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Nabucco West loses out to TAP in Shah Deniz II gas pipeline project

Oilfield Technology,

Nabucco West, the Austrian-led consortium that was bidding to build a pipeline to bring Azeri gas to Europe, has not been selected by the gas field's operators.

Nabucco West, one of Europe’s most ambitious infrastructure projects, has lost out to its rival in the contest to supply Caspian gas to Europe, bringing to an end one of the most keenly fought battles in European energy politics.

For years, Nabucco has been vying with a smaller venture known as the Trans-Adriatic Pipeline, or TAP, for the right to transport gas from a big offshore gas field in Azerbaijan to European consumers. The BP-led consortium that is developing the giant Shah Deniz II field chose the rival TAP, formed by Statoil, AXPO and E.ON Ruhrgas.

"The Nabucco project is over for us," Gerhard Roiss, Chief Executive of the Austrian energy company OMV, told a hastily called news conference, putting to rest the suggestion that Nabucco would also be built.

The consortium that chose the TAP project over Nabucco West to transport Azeri gas to Europe pointed to higher gas prices in Italy and Greece as the reason, OMV said. Roiss questioned whether higher gas prices could really be achieved in austerity-plagued Greece or plentifully supplied Italy, which lie on the TAP route. "The question of whether that is a fig leaf for a political decision I leave to you to judge," he said.

The official announcement from OMV

“The Shah Deniz II consortium informed OMV, as a shareholder of NABUCCO Gas Pipeline International Gmbh (NGPI), about the decision on their preferred gas transportation route to Europe. The Nabucco West project was not selected by the consortium. While OMV accepts the decision of the consortium, OMV is of the opinion that the offer which was submitted by NGPI met all the selection criteria and was highly competitive.

“The decision does not influence OMV’s strategy of growing upstream and integrated gas. OMV intends to play a role in further securing and diversifying the gas supply to Europe and will assess alternatives to complement the existing supply routes. OMV believes that a lot of highly valuable work and goodwill has been put into this project which will pay off in future projects.”

A week of revelations

Last week it became known that Azeri state energy SOCAR was to buy a majority stake in Greece’s natural gas grid operator DESFA. The news was interpreted by experts as favouring the choice of TAP. In addition, press reports and rumours have suggested that Azerbaijan doesn’t want trouble with its Russian neighbour. Russia has designed its own pipeline project, South Stream, as a rival to the EU-favoured Nabucco.

The consortium had been due to announce on Friday 28th June which of the two export routes it had chosen. However, it became clear on Wednesday that TAP had won after one of Nabucco West’s shareholders, the Austrian oil and gas company OMV, conceded defeat.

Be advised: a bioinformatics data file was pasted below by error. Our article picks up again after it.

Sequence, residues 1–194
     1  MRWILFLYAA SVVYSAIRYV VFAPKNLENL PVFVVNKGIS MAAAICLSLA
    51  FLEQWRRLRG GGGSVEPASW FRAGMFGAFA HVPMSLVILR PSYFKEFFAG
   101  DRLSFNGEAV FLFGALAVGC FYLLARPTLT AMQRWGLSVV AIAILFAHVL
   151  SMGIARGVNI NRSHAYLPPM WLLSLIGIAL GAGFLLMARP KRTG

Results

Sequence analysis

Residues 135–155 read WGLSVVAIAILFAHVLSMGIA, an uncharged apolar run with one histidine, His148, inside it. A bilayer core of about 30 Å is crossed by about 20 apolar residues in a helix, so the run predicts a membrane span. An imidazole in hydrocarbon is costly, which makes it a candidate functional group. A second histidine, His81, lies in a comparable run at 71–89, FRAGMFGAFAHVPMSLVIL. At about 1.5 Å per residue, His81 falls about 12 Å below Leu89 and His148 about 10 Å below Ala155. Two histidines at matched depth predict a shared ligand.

TAP declined to comment.

Decision marks a turning point

The decision on the route, though a big disappointment for Nabucco, is a huge milestone in European efforts to create a new southern supply corridor that could tap burgeoning gas reserves in the Caspian Basin and Middle East, and lessen the continent’s dependence on Russian imports.

Nabucco, whose shareholders are BEH of Bulgaria, BOTAS of Turkey, Hungary’s FGSZ, Austria’s OMV, Romania’s Transgaz and GDF Suez, was long favoured by the European Commission because its route passes through countries in south-eastern Europe that are almost completely reliant on Gazprom’s gas.

However, with the emergence of TAP, the Commission decided not to explicitly back one pipeline over the other. Socar, the Azeri state oil and gas company, which had also initially supported Nabucco, took a similarly neutral position.

The Nabucco consortium was also forced to substantially scale back its plans when Azerbaijan and Turkey announced they were teaming up to build a Trans-Anatolian pipeline, known as Tanap, which would have duplicated much of the route of the original Nabucco.

Next moves

OMV spokesman Johannes Vetter noted that TAP ends up in Italy, which is already a highly diversified market, receiving pipeline gas from both Russia and Algeria, as well as other sources. “It is questionable whether TAP meets the political objectives of a southern gas corridor which was to diversify Europe’s sources of gas,” he said.

But people familiar with the pipeline negotiations said that, ultimately, the decision was made on commercial rather than political grounds: the relative capital cost of each venture, the price the developers were able to procure for Azerbaijan’s gas and the operating cost over the life of the project. TAP was apparently more attractive because it was cheaper, and 450 km shorter than Nabucco.

Gerhard Roiss, OMV’s chief executive, acknowledged that the Shah Deniz consortium was ultimately swayed by the prospect of higher gas prices in Italy and Greece than in the markets served by Nabucco.

Mr Vetter added that Nabucco was not dead, and could now be reconfigured to ship gas from the Black Sea, rather than the Caspian. OMV and ExxonMobil have recently discovered large amounts of natural gas in the Black Sea off Romania.

Edited from various sources by Elizabeth Corner.

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